Anyone who grew up in the '70s and '80s and spent any time watching TV remembers these commercials.
They were irresistible records (or 8-Track tapes, cassettes were offered by 1978), filled with all the latest chart topping hits. And yours for SUPER cheap at your nearest discount or drug store. Even some supermarkets had these.
Like it's conceptual offspring, the NOW! CD series of the '90s to today. In '70s and '80s, K-Tel and Ronco records were an awesome deal. (But only somewhat, I'll explain in a little bit.)
For less than the price of a full length album from one artist (packed with more filler than you can shake a meatloaf recipe at.) K-Tel and Ronco records offered nothing but hits. Lots of them (and even a few that made you wonder how they got on there....You didn't hear these on the radio.)
And all on one record. Sometimes two records. My vinyl buying trips landed me some real albums, some 45s, but nearly always a K-Tel or Ronco in the bag as well to round it out. Grab me some sodas and my night was complete.
Now for the disappointing truth. In order to pack so many songs on one vinyl record, some sacrifices had to be made.
You see, a regular 12" inch vinyl LP can hold up to about 23 minutes of music per side. This simply means the grooves were cut at normal depth and width.
For a K-Tel or Ronco record, the grooves were much finer. But the reduced depth/width of the grooves also meant reduced dynamic range.. So it really didn't sound as good as a conventional record and you had to turn up the volume a bit louder than you would on a regular album. Plus, they were also more susceptible to surface noise - sometimes brand new out of the sleeve. Stuck and skipping records were common without extreme care. But you had a record that could play for nearly a full half hour per side (usually 27-28 minutes), if you weren't too picky.
Worst of all, on the earlier K-Tel/Ronco albums, the songs were often edited to a total running time of 2:30 EACH.
|Ronco was especially infamous at chopping songs to fit their compilation albums, probably with their Ginsu knives. But K-Tel wasn't really any better until later in the '70s and early '80s|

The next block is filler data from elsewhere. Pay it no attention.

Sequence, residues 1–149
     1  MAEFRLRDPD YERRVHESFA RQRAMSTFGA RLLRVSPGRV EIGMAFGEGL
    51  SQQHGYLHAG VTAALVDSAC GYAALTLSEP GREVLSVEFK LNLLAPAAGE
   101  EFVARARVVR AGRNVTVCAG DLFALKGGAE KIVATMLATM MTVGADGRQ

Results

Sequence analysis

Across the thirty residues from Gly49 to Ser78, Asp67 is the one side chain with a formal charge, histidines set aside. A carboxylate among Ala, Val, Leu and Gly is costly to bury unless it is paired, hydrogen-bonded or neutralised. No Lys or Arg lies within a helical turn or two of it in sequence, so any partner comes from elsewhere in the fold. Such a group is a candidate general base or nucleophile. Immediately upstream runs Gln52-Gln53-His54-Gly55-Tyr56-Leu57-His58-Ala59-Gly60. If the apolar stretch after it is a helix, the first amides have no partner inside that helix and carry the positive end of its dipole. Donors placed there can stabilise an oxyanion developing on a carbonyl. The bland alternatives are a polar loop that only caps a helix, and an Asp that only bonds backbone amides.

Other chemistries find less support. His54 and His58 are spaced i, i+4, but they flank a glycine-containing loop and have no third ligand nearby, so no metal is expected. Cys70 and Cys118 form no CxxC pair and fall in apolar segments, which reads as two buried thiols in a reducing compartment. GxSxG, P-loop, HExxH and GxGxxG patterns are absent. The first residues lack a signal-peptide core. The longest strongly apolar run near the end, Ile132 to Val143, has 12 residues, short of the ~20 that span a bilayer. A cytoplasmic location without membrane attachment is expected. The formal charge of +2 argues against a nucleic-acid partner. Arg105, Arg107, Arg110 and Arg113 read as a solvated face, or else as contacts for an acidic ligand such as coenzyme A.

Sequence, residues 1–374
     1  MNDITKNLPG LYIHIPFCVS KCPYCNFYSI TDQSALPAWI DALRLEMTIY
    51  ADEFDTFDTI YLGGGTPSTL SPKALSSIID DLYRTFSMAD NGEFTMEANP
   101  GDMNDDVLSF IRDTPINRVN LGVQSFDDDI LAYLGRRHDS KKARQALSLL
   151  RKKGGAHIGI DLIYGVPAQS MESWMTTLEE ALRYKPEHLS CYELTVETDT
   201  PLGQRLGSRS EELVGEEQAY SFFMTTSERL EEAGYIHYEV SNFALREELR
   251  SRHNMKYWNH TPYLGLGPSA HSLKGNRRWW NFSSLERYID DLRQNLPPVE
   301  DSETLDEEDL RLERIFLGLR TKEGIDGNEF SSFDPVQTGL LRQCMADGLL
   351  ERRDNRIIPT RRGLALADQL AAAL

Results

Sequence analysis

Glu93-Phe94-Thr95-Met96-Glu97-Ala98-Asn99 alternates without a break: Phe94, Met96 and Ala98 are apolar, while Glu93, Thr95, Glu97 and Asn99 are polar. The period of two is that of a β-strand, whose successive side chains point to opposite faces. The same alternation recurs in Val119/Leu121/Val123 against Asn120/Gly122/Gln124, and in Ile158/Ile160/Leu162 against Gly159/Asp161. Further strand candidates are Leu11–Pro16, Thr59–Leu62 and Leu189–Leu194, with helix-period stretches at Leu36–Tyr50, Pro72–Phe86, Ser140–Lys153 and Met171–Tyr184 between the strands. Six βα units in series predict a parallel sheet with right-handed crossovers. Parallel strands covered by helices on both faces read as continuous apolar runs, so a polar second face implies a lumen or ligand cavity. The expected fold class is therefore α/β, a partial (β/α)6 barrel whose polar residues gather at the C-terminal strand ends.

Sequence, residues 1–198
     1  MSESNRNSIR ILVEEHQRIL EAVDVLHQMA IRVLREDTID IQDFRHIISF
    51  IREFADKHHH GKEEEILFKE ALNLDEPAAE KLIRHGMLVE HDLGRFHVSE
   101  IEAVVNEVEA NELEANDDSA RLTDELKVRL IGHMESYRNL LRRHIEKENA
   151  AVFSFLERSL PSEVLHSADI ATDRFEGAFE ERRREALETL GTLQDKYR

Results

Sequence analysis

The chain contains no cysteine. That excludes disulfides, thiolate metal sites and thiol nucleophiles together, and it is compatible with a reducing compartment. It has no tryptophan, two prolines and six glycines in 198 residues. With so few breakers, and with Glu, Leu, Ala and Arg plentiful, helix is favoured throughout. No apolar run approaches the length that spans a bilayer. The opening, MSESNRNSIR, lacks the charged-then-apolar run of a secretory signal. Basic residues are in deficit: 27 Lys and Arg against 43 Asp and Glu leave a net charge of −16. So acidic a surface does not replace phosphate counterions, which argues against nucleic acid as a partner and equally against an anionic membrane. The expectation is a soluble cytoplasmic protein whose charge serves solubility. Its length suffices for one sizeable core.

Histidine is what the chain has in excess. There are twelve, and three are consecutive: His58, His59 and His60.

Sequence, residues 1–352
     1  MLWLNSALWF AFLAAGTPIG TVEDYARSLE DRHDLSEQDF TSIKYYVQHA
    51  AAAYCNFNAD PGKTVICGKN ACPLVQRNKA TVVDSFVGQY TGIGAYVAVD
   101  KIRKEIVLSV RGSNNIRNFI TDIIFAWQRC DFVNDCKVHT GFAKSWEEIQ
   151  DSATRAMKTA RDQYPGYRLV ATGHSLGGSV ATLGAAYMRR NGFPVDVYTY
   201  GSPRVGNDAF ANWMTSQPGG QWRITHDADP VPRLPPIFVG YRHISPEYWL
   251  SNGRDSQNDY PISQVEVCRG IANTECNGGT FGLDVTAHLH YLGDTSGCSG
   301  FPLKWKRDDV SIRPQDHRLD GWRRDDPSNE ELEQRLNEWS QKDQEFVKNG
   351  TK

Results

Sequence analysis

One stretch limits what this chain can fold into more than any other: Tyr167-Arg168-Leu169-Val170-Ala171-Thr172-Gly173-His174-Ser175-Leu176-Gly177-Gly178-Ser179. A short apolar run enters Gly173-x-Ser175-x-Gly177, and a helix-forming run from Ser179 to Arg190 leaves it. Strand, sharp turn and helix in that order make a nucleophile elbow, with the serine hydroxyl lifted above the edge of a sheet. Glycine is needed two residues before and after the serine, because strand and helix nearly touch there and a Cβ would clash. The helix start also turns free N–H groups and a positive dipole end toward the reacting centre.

|To make "Seasons In The Sun" Terry Jacks fit on this record, K-Tel actually cut out the entire third verse of this song!|
But practice soon began irritating music fans and the number of songs on the albums dropped. First to 20.
Then to 18. There was also another factor - the songs themselves were also getting longer by the mid '70s, with an average running time of 3:30 to 4:00 for your typical pop song. So the length of a typical song on a K-Tel/Ronco album was increased to 3:00 with some variables (the pitch was often increased dramatically on some tracks to squeeze them in.)
By 1979, Ronco had gotten out of the compilation record business and focused on their household products, leaving K-Tel as the sole major independent manufacturer of compilation albums through the 1980s.
With the exception of a handful of '80s upstarts such as JCI....
....K-Tel pretty much had the field to itself.
By 1981, K-Tel had also cut the number of songs on their albums to down 14 (7 per side) and by this time, the audio quality of their albums were nearly on par with any conventional LP. The songs were also no longer edited or pitched and full length. This was cut even further in 1986 to 10 songs per album and they sounded their best.
But this was the end. K-Tel released it's last vinyl album in 1987 before declaring bankruptcy. The major labels themselves soon began releasing their own hits compilations.
(UPDATE: K-Tel is still very much in business today and are still making compilations. On CD too. And they also have an array of household items as well.)